I once had fun with paperback and similar stuff, but it's not just grossly inefficient: it simply won't last as long as a dvd unless you go through a laminating process. It's also a huge PITA to get the data back.

Anonymous 08/16/2017 (Wed) 15:22:27 [Preview] No. 10750 del
You could use mathematical grid paper and use the squares to represent data. A black square has a value of 1 and a white square has a value of 0, run it through a scanner to turn the dots into data, and now you have stored data on a paper that can be extracted using a scanner. Get extremely small grid paper and use a high accuracy printer to fill in squares to store data.

May be inefficient and horrible at storing large amounts of data, but if laminated, you have durable and permanent data that stays good indefinitely.

Anonymous 08/16/2017 (Wed) 16:56:09 [Preview] No. 10757 del
there is also similar projects with color

Anonymous 08/16/2017 (Wed) 20:07:56 [Preview] No. 10762 del
Nice. I already hoard books and print web pages if they are extremely valuable. I have yet to build a laptop with a lead/faraday cage around it as a backup plan...

Anonymous 08/16/2017 (Wed) 20:14:03 [Preview] No. 10763 del
This isn't related to the discussion (possibly a little...), but I have an interesting hobby of mine when it comes to observation. I love to walk around in the wilderness (Wilderness being areas free of man-made objects or land that naturally occurs) and look for interesting animals or insects that I haven't seen before. I draw detailed pictures of the specimen and pursue it for a few hours to see how it acts and how it works. It is highly similar to Zoology and is much more effective than reading a book as actually observing real life phenomena and simulating your senses forms stronger and longer lasting memories.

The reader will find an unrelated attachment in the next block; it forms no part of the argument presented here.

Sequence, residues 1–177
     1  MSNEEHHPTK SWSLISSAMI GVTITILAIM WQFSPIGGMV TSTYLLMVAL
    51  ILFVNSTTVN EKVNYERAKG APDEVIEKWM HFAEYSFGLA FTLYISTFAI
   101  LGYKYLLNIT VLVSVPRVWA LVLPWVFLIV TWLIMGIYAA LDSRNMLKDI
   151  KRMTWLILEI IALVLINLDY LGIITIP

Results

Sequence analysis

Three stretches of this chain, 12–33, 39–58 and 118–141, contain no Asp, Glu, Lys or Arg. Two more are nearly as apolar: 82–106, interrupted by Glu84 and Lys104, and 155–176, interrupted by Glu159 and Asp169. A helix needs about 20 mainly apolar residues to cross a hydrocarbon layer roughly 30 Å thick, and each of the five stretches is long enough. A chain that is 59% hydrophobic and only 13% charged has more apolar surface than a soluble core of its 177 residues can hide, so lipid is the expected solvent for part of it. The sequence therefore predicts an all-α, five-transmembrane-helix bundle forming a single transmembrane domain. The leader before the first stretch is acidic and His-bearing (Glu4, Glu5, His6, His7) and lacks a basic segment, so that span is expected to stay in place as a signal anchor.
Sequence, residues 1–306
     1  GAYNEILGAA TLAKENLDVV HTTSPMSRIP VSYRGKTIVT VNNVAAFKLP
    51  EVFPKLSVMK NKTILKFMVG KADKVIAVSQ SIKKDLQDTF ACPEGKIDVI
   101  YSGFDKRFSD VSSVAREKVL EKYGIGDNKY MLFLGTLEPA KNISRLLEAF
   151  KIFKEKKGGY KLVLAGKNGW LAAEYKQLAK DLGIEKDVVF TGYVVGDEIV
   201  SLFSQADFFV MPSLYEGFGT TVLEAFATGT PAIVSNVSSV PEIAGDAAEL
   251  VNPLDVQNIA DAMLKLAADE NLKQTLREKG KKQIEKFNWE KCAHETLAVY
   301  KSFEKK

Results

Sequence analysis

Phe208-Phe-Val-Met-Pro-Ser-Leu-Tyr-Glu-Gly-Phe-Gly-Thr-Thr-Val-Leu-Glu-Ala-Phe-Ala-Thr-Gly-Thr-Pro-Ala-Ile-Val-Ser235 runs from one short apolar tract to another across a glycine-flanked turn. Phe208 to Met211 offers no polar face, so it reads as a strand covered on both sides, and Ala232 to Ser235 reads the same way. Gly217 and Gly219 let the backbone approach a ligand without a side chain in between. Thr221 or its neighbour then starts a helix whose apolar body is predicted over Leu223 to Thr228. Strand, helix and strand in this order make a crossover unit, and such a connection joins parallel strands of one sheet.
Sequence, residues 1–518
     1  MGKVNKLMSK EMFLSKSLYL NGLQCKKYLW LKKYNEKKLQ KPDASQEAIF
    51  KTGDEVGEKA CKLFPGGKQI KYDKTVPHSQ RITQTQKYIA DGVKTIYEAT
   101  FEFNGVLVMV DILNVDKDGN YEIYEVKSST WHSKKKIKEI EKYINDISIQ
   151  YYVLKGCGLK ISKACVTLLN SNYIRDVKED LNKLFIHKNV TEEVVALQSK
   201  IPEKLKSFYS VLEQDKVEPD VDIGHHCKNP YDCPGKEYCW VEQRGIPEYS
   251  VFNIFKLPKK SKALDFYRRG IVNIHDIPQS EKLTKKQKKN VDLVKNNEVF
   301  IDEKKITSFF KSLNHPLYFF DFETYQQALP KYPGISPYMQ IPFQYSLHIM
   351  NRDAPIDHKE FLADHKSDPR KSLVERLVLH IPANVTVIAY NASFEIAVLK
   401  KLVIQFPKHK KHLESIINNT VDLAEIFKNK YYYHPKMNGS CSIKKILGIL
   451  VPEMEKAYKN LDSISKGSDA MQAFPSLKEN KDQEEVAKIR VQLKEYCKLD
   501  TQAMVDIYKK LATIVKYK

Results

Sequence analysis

Geology is also pretty fun, especially in desert areas (New mexico, Arizona, etc.)

Anonymous 08/17/2017 (Thu) 15:27:10 [Preview] No. 10795 del
It's really not too hard to farady cage your data, and you don't have to farady cage your whole computer. What I do is store all my important media/data offline in both DVD and flashdrive mediums, and faraday cage those backups. You can buy static-proof / RF-proof "faraday bags" online for pretty cheap, sometimes you need to double-nestle them to absolutely assure proper EMP prevention.